Of course, the Midwestern Gayngs collective tried this same nostalgic hand last year, only with less subtlety. Their strict diet of soft-rock and Bone Thugs `n' Harmony suffered, but only slightly, by their self-imposed 10CC constraints. Here, unwilling to be anything but himself no matter the medium, Beam finds himself flourishing under similar conditions, soulful sax solos and all (the one on "Your Fake Name Is Good Enough For Me" bringing to mind fellow recent 4AD signing Ariel Pink).

At its most basic, alongside session accompaniment mostly groomed from members of Califone, handling dark matters with a confident lightness of touch, and despite an impressive catalogue to date, with Kiss Each Other Clean it feels like Beam is just beginning to find his stride.

Advised downloads: "Half Moon" and "Your Fake Name Is Good Enough For Me".
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3.0 out of 5 stars Sammy Beams Us Up, 26 Mar 2011
By 
Stan FREDO (BORDEAUX, Aquitaine, France) - See all my reviews
This reassuringly sounds like a cross between CSN&Y, Paul Simon and John Martyn but without hitting any of said bands/acts' heights. This LP nonetheless offers good songs such as tracks 1 (uplifting), 3, 4 (picked up in France for airplay by discerning radios), 9 and 10. And, Sam Beam, please leave the funk alone. You're as funky as a bodkin.
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5.0 out of 5 stars Shattered expectations, 2 Mar 2011
By 
M. R. Willams (Edinburgh, Scotland) - See all my reviews
(REAL NAME)   
I wasn't expecting alot from this album. I had heard alot about Beam moving even further away for his lo-fi sound I fell in love with than he did even with Shephard's Dog. It's true - there is a large expansive big band sound on the album but somehow this doesn't destroy Beam's ethereal vocals and vision - it enhances it. The beautiful musicality of sections of this album are as evocative in their own way as the simple acoustic melodies of Beam's earlier work.

Highly recommended. Listen through twice and you'll be hooked.
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0 of 1 people found the following review helpful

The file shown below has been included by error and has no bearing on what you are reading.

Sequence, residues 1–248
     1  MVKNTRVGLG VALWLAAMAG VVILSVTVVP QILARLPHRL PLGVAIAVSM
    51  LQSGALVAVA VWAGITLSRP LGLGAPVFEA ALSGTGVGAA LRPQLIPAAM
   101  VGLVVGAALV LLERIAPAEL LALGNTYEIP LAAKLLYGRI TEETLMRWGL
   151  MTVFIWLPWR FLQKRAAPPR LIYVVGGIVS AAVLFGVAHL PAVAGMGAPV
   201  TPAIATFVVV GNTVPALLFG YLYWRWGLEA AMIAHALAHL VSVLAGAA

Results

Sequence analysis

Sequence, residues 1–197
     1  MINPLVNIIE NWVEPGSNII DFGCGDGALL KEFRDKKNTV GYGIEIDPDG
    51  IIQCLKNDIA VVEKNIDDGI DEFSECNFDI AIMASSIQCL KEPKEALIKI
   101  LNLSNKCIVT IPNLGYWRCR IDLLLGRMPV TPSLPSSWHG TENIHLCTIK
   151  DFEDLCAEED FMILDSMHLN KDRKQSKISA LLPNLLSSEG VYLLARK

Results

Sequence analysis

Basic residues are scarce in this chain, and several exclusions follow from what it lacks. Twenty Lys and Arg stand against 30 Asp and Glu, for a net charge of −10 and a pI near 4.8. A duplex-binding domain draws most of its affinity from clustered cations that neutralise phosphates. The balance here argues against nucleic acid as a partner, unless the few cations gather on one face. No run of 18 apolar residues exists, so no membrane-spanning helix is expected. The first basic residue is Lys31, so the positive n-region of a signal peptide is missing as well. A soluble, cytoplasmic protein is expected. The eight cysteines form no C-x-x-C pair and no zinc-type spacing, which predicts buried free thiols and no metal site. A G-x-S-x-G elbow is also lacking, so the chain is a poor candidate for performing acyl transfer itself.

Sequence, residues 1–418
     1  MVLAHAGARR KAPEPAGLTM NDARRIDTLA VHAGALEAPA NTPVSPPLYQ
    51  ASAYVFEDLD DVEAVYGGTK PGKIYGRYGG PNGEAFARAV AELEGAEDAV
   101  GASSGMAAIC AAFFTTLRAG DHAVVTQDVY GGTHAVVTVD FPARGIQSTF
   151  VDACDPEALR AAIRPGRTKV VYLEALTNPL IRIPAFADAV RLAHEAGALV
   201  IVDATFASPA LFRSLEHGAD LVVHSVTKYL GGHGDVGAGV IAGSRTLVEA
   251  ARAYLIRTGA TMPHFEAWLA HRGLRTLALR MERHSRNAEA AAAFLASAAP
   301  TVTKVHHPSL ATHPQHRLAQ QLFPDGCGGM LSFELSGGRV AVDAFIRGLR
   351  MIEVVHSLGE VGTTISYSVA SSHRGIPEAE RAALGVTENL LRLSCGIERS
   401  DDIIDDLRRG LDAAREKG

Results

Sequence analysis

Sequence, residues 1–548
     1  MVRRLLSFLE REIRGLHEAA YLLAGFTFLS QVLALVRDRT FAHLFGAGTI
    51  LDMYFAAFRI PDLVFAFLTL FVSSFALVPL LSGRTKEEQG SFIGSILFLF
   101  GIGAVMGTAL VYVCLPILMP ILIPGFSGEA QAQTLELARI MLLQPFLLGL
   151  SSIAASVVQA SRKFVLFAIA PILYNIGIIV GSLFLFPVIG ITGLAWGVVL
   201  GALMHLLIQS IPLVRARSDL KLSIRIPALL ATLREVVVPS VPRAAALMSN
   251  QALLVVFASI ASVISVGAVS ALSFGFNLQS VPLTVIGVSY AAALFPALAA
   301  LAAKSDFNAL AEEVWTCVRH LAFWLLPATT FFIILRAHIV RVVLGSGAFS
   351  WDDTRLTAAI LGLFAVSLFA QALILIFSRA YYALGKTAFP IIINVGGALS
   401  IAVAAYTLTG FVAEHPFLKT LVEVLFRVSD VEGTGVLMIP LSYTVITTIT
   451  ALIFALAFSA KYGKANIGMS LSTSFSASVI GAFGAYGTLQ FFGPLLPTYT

5.0 out of 5 stars Great new one from bearded Texan, 14 Jun 2011
Verified Purchase(What is this?)
This review is from: Kiss Each Other Clean (Audio CD)
When I first heard this album, I felt like Samuel Beam was moving too far away from his folksy roots. But after having listened to it a few more times I really started to enjoy the funky soul groove that he started to add already on "The Sheperd's dog". Most of all, like always with Iron & Wine, the songs are really, really good and get to you on several levels. So, if you ask me, it's a definite good buy!
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0 of 2 people found the following review helpful
5.0 out of 5 stars SO AMAZED!, 21 Mar 2011
This review is from: Kiss Each Other Clean (Audio CD)
keeping this sort,heard of them for a long time but have never bought an album.
Decided to buy this as soon as it came out,AMAZING!even now its still my joint top(after buying a fair few other albums)played
album this year, love it! 'Tree by the river' is timeless like the album buy now.
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0 of 2 people found the following review helpful
4.0 out of 5 stars great!!, 19 Mar 2011
By 
C. L. Dick - See all my reviews
(REAL NAME)   
This review is from: Kiss Each Other Clean (Audio CD)
If u r a fan of iron and wine then this is a a great addition to ur collection
some tracks r better than others but still worth it
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4 of 15 people found the following review helpful
2.0 out of 5 stars Not quite the delicacy of Sheperd's Dog, 25 Jan 2011
This review is from: Kiss Each Other Clean (Audio CD)
I hesitated to write this, but is Kiss Each Other Clean well, a little too buffed? Held up against the understated but memorable groove and lustre of Shepherd's Dog - 50 albums of all-time; ever; period; no argument, (stop bickering at the back) - this just doesn't cut it for me. That's not to say it's not a grower, or is without memorable hallmark Sam Beard moments, but it 'aint happening for me. Just a bit too saxy.

Surprisingly so too, I must add.

3 stars at most, although with dullards like Lazarus and Fake Name, it's scratching at a 2.